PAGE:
Although 75% of America’s waste is recyclable, as a country we only recycle 34.5% of it.

If/when we get to the 75% rate the effect would be like removing 50 million passenger cars from the U.S. roads. Wow! To get to that 75% rate is going to take a concerted effort by each one of us, (we each need to reduce, reuse, recycle more), but the most meaningful shift rests on the shoulders of our government, and the businesses/industries, that make, package and sell the things we buy. (We will talk further about this in a future column).

In Wallowa County, we currently recycle 27% of the waste we generate, according to a 2016 report from the Oregon Department of Environmental Quality. To give our planet a chance, (recycling just two aluminum cans saves the same amount of energy it takes to power a PC for a single workday), we all need to do more. To give the Wallowa County Recycling Program a fighting chance to survive we also need to do more.

You see, there is a lot of pressure being put on the county’s recycling program to cover its costs when recycling programs around the country are being faced with very low prices for recyclable materials, (which is something we need to take up with our governments and the companies who make and sell the things we purchase). As with any business, there are two primary things that can be done to achieve and/or increase profitability. One is to lower costs, and another is to increase revenue. The Friends of Wallowa County Recycling have worked hard over the past nine months to help lower costs by changing how our recyclables are hauled to processors, (saving 30% on shipping), by creating a volunteer-led transportation initiative helping further lower costs on moving certain recyclables, by coordinating more than 500 volunteer hours to help sort, cover, clean and manage the Recycling Center, by installing more comprehensive signage funded by donated funds and by spearheading grant applications, legislative enquiries and creative solutions to help do more.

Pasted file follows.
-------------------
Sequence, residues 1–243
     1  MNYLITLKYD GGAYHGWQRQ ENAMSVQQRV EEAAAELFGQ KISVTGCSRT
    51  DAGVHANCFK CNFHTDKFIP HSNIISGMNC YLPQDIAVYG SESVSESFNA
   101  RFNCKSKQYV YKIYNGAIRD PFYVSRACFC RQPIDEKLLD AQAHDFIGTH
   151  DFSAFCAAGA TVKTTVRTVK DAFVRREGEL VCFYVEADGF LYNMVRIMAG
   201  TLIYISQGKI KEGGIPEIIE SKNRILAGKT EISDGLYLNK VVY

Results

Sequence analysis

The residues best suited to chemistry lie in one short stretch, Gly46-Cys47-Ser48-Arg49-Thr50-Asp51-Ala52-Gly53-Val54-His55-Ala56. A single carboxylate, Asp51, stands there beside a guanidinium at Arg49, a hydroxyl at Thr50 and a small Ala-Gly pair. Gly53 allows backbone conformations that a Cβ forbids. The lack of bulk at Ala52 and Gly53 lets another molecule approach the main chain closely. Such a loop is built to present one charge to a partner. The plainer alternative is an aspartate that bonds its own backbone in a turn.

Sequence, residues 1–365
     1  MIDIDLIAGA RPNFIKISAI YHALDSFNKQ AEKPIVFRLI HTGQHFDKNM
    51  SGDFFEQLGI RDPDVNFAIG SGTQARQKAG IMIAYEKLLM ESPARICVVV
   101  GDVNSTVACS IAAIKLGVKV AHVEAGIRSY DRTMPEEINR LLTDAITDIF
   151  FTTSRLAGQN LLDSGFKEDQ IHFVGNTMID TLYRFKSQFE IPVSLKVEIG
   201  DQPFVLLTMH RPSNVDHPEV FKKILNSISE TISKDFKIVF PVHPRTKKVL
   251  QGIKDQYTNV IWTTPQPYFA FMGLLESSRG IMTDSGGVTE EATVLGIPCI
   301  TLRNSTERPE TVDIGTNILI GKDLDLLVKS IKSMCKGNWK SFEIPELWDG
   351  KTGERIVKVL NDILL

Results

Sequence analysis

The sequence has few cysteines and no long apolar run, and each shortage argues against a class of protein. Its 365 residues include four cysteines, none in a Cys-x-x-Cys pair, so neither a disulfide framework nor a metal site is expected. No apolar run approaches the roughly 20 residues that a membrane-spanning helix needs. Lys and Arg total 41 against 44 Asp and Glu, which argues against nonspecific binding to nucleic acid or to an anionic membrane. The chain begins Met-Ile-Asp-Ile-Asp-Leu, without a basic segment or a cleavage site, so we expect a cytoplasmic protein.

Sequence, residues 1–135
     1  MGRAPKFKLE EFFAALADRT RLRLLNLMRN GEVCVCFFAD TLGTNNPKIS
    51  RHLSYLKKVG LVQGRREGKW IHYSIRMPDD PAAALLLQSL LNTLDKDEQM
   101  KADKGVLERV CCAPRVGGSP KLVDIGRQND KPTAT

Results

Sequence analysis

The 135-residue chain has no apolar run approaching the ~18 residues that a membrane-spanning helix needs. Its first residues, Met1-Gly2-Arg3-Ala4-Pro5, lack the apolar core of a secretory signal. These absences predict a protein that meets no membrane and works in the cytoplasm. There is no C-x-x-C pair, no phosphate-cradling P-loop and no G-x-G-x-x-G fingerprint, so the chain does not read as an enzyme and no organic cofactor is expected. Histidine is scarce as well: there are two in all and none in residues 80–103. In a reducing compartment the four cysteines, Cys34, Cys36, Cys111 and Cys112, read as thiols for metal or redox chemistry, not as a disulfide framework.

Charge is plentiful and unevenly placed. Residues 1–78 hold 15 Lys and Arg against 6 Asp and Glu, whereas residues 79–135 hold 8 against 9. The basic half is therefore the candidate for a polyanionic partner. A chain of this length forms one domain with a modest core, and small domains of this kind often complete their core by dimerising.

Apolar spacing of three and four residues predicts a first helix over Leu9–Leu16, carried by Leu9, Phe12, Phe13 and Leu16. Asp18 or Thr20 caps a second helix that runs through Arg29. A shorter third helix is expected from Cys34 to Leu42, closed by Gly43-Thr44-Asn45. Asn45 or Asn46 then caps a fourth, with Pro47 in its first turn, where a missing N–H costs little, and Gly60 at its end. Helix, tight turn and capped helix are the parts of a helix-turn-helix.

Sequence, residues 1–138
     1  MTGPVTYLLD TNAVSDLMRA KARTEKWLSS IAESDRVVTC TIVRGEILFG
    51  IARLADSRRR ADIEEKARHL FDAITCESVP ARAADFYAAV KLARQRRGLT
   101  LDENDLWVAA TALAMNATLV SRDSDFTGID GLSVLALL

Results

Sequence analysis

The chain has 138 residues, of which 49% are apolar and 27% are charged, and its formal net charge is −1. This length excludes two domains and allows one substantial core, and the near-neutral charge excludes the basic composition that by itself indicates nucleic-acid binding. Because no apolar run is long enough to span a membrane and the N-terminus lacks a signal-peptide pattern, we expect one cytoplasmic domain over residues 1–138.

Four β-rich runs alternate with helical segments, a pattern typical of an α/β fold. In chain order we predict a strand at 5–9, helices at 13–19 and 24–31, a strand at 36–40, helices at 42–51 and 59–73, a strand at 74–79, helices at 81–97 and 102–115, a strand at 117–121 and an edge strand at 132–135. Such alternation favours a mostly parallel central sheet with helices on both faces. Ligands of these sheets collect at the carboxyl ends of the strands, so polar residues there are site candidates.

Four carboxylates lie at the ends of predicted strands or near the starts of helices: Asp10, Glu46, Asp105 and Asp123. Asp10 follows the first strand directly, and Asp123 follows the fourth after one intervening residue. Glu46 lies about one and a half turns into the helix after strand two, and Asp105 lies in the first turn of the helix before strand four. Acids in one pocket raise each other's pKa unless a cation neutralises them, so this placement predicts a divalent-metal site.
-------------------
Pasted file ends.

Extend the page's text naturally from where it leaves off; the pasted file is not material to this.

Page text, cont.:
We also need to increase the revenue of the recycling program, and the simplest way to do so is for all of Wallowa County to bring more clean, acceptable, recyclables to the Recycling Center at 301 Fish Hatchery Lane in Enterprise. You see, the clean, acceptable recyclables generate revenue for the county, and we need more of that revenue to ensure that our Recycling Center is not limited or overlooked because of a few dollars. That’s right, we need more of your clean aluminum and metal cans. We need more of your newspapers, magazines, mixed paper and junk mail. We need more of your cardboard boxes, (with no packaging in them), your toilet paper rolls, your cereal, cracker, pasta and cookie boxes made from paperboard. We need more of your clean, lids removed, No. 1 PETE plastic, (excluding clamshells, cookie/cake containers, plastic to-go boxes, fruit containers and similar), and we need more of your No. 2 HDPE plastic without the lids. You see, the more clean, acceptable recyclables you, your family, your friends and everyone in the county brings to the Recycling Center, the more likely we are to continue to have a recycling program to help us get to that 75% recycling rate. Thank you for your part in helping make this happen.

To help with continuing to improve the recycling opportunities we have, the Friends of Wallowa County Recycling are sponsoring an Earth Day Open House at the Recycling Center on Friday, April 23 from 10 a.m. to 4 p.m. Join us to help with some “spring cleaning” of the Recycling Center (bring your gloves) and/or to enjoy some fun recycling games, to learn more about the opportunities and challenges we have before us and to view the results of the Recycling Art Contest. The results from the Recycling Art Contest will be displayed at the Josephy Center for Arts and Culture after the Earth Day Open House. Do not hesitate to email us at or message us on Facebook at Wallowa County Recycles with questions, thoughts, ideas.

Finally, if you have questions on what can be done with other waste products such as paint, hazardous waste, batteries, tires, etc., that are not accepted at the Recycling Center please go to for details.


Peter Ferré is a member of the Wallowa County Recycling Task Force.

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